Abstract

    Children and youth who are uninsured or underinsured in Canada and the USA have limited options where they can receive healthcare. In both countries, community health centres (CHCs) have been established as a solution to provide quality care to children without adequate insurance, including those who are newcomers or refugees. However, little is known about how well these models deliver paediatric care. Cross-country analysis provides an important viewpoint to identify areas of success and growth. The purpose of this scoping review is to compare quality of care for uninsured and underinsured children through CHCs in the USA and Canada.This scoping review follows the methodological guidelines from the Joanna Briggs Institute Evidence synthesis. The protocol has been registered with the Open Science Framework Registries and can be accessed online. A search will be conducted in electronic databases of peer-reviewed literature (Ovid MEDLINE ALL, CINAHL Complete via EbscoHost, Scopus; Health Business Elite via EbscoHost and Sociological Abstracts via ProQuest) as well as the grey literature. Two reviewers will review all titles and abstracts for inclusion in full-text review. Studies that meet inclusion criteria will be included in full-text review. Data will be extracted into Covidence, using the Donabedian model as a conceptual framework. Findings will be synthesised in a narrative format.As this study only uses publicly available data, ethics approval is not required. Findings will be shared at national and international conferences and published in a peer-reviewed journal. In addition, findings will be prepared into a policy brief or white paper to be shared with relevant policy stakeholders to advocate for a better model of care for marginalised children and youth.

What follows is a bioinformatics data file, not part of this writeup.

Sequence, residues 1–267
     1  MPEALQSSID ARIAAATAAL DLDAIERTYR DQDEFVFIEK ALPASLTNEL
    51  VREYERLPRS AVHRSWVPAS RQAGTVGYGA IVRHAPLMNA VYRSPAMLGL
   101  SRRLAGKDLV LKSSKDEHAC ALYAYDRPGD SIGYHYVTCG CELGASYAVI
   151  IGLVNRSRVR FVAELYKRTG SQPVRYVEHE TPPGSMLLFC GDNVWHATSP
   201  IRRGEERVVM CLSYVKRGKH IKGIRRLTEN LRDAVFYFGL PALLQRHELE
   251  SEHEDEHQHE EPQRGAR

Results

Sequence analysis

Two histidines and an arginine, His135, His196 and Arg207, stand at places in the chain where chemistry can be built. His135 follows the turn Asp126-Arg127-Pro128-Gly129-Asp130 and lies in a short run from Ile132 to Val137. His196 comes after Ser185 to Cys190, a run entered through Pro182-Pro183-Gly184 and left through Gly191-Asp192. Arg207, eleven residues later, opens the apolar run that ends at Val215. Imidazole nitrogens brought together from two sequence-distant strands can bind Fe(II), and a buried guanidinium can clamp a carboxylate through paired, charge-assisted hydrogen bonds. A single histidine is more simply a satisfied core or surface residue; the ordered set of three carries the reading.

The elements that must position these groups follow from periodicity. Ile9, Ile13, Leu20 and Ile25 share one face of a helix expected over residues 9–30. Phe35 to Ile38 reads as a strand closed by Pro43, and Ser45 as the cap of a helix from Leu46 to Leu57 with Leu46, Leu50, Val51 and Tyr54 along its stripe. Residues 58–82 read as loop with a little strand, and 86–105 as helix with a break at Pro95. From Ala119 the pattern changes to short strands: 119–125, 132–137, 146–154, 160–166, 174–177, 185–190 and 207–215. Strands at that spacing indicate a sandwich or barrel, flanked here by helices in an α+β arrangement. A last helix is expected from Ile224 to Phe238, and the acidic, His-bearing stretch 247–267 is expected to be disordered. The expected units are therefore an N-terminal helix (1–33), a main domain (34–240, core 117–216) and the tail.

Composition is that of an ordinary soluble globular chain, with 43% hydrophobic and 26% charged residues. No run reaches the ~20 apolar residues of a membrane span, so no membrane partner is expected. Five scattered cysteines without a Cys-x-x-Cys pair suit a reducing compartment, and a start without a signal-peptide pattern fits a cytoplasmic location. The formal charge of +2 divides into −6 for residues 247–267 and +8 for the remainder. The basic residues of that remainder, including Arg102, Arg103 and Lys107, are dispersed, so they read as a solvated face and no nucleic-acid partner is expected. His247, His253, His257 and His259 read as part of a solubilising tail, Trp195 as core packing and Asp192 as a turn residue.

View details for DOI 10.1136/bmjopen-2023-075340

    View details for PubMedID 38176867

  • Reporting of Ethno-Racial Identity and Immigration Status in Published Studies on Newcomer Children JOURNAL OF IMMIGRANT AND MINORITY HEALTH Kaur, P., Cheung, B., Kishibe, T., Minhas, R., Suleman, S. 2023: 227-242

    Abstract

    Access to health services can differ greatly based on ethno-racial identity and immigration status. We examined the reporting of ethno-racial data and immigration status in published literature on the health of newcomer children. An integrative scoping review was performed using the methodological framework outlined by Arksey and O'Malley (2005). 4147 articles were identified and 75 studies included in the final analysis. 67% (50/75) did not describe the participants immigration status at all. Most studies (65%, 49/75) also did not report participants' ethno-racial identities. Of those that did, 65% (17/26) reported participant ethnicity alone, and 15% (4/26) reported race alone, while 19% (5/26) reported both race and ethnicity. We found that most studies on newcomer children did not report immigration status or ethno-racial identity. In doing so, studies may ignore the specific impacts of racism and xenophobia on health and access to care.

    View details for DOI 10.1007/s10903-023-01539-5

    View details for Web of Science ID 001073079200001

    View details for PubMedID 37775677

    View details for PubMedCentralID 4699522

  • Interim Federal Health Program: Survey of use of supplemental benefits by paediatric health care providers PAEDIATRICS & CHILD HEALTH Leps, C., Monteiro, J., Barozzino, T., Bowry, A., Rashid, M., Sgro, M., Suleman, S. 2023; 28 (6): 344-348

    Abstract